January 15 - (Online Reading Links - KJV | NKJV | NIV | NASB)

Job 32-34:37

Now Elihu comes into the story with a series of speeches that cover six chapters. In the three for today, he expresses his anger toward the other four men (32:1-22), appeals to Job to listen to him (33:1-33), exalts God (34:130), and rebukes Job (34:31-37).

January 16 - (Online Reading Links - KJV | NKJV | NIV | NASB)

Job 35-37:24

Elihu's speeches end by accusing Job of speaking in vain (35:1-16), and exalting God for His compassion and might (36:1-37:24).

January 17 - (Online Reading Links - KJV | NKJV | NIV | NASB)

Job 38-39:30

Jehovah finally speaks, demanding that Job stop and think about the things that establish the difference between Almighty God and mortal man.

January 18 - (Online Reading Links - KJV | NKJV | NIV | NASB)

Job 40-42:17

In these closing chapters, God challenges Job again; and Job admits that he needs to be silent (40:1-5). Then God illustrates His power by describing two of the great creatures (dinosaurs) of His creation (40:6-41:34). In the last chapter, Job repents (42:1-6), and the Lord shows His approval of Job, and thus wins the battle against Satan (42:7-17).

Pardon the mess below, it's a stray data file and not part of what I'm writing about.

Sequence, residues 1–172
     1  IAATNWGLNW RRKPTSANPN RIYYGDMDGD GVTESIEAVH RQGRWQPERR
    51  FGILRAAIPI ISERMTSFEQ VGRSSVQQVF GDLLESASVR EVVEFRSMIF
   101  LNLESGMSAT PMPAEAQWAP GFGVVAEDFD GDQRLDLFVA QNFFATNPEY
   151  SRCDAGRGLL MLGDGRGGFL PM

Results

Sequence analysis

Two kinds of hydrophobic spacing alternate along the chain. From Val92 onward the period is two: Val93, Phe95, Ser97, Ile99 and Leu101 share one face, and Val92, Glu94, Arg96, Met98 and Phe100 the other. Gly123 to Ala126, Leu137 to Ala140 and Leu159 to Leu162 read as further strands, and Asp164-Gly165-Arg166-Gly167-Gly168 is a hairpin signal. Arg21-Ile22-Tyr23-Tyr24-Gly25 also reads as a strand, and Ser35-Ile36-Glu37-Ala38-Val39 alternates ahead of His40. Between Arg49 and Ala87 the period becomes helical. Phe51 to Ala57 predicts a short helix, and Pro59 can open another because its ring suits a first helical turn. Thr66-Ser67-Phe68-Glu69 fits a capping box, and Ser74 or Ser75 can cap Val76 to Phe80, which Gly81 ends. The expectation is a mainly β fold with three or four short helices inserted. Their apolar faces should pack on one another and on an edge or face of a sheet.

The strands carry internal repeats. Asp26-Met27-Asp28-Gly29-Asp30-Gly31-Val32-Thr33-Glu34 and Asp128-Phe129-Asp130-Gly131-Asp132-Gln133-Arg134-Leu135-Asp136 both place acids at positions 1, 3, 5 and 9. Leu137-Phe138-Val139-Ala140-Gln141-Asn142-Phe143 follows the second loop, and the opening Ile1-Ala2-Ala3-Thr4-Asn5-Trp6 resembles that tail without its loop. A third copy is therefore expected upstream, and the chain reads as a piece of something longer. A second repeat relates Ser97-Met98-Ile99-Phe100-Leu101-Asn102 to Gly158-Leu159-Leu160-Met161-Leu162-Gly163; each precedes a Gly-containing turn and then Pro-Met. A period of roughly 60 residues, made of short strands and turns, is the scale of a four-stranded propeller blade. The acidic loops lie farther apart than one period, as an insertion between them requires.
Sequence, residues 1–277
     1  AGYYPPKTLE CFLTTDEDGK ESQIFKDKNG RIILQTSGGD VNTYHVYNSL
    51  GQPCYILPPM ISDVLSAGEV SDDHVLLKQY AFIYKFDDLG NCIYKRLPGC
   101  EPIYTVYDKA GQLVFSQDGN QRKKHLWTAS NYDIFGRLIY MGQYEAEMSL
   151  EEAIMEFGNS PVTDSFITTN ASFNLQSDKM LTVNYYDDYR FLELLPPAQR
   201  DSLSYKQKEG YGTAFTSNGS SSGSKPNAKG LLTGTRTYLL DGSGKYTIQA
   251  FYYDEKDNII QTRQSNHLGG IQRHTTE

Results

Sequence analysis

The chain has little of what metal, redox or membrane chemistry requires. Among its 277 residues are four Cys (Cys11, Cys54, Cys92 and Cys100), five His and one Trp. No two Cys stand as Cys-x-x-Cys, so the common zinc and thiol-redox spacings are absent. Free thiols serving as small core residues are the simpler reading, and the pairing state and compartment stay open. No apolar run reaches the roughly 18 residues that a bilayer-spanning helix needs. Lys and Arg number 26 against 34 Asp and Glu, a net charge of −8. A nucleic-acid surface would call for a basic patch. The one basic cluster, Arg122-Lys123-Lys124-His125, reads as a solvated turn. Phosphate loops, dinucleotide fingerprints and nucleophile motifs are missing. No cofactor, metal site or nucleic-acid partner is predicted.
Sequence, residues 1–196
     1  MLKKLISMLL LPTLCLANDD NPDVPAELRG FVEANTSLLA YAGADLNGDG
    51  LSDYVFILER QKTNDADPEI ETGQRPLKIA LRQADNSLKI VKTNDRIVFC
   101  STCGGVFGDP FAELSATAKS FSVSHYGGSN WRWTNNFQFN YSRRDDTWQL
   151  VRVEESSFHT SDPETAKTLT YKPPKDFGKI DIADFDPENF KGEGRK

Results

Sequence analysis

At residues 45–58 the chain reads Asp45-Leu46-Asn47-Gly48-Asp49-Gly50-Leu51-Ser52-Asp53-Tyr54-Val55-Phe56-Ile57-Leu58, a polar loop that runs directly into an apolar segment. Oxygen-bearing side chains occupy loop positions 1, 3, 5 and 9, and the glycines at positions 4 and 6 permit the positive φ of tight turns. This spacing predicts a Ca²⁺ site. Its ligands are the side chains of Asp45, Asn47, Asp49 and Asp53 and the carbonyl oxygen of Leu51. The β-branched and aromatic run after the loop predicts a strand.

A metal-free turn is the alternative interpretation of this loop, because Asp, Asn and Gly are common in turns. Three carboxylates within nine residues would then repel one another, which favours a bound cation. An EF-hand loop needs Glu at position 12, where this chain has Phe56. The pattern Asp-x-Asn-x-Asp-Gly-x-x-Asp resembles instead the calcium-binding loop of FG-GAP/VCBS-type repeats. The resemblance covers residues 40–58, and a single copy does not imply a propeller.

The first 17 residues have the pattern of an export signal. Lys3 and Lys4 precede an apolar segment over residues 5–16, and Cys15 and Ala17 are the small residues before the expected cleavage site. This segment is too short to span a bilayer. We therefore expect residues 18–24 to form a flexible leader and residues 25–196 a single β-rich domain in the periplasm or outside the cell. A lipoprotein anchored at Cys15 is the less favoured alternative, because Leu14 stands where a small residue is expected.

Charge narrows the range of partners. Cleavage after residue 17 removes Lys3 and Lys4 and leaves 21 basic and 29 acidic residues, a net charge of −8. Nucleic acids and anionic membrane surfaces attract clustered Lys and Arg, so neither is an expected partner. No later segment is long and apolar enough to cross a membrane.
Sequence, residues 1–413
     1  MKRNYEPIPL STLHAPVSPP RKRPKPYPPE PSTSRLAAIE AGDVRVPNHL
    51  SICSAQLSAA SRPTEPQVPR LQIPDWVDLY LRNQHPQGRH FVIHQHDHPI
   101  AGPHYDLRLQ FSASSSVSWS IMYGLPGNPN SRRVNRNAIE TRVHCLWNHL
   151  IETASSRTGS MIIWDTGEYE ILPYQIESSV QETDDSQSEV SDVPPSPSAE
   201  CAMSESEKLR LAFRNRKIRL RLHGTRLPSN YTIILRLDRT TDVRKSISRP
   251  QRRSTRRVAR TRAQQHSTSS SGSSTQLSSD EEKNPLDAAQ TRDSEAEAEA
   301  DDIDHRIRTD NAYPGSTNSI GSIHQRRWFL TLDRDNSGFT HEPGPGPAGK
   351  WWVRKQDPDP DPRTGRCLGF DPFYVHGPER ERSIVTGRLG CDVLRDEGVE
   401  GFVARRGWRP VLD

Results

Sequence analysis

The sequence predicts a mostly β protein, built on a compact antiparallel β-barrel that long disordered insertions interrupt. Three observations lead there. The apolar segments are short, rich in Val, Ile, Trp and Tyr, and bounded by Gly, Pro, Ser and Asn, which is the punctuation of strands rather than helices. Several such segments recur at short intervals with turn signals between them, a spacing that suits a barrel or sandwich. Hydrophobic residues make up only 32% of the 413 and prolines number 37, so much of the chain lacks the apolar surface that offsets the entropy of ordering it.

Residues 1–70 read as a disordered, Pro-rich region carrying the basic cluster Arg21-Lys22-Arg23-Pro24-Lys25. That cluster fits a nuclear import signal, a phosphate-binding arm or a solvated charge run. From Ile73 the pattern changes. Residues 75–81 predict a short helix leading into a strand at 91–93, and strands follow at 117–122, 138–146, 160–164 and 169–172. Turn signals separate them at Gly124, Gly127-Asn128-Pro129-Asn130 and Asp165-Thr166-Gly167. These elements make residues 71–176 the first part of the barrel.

January 19 - (Online Reading Links - KJV | NKJV | NIV | NASB)

Acts 7:1-16; Joshua 24:1-4; Genesis 12-14:24

According to the last chapter of Job, he lived 140 years after his trial of patience. So during the chapters we are now reading in Genesis, Job was alive. Abraham and his family were not the only godly people during that age.

January 20 - (Online Reading Links - KJV | NKJV | NIV | NASB)

Genesis 15-19:38

This reading is longer than most of the others, but it clearly shows how there were many very important events in the life of Abraham. These events are still important, as we can see by remembering that the life of Abraham is used throughout the Bible as a tool to teach all generations (see Romans 15:4).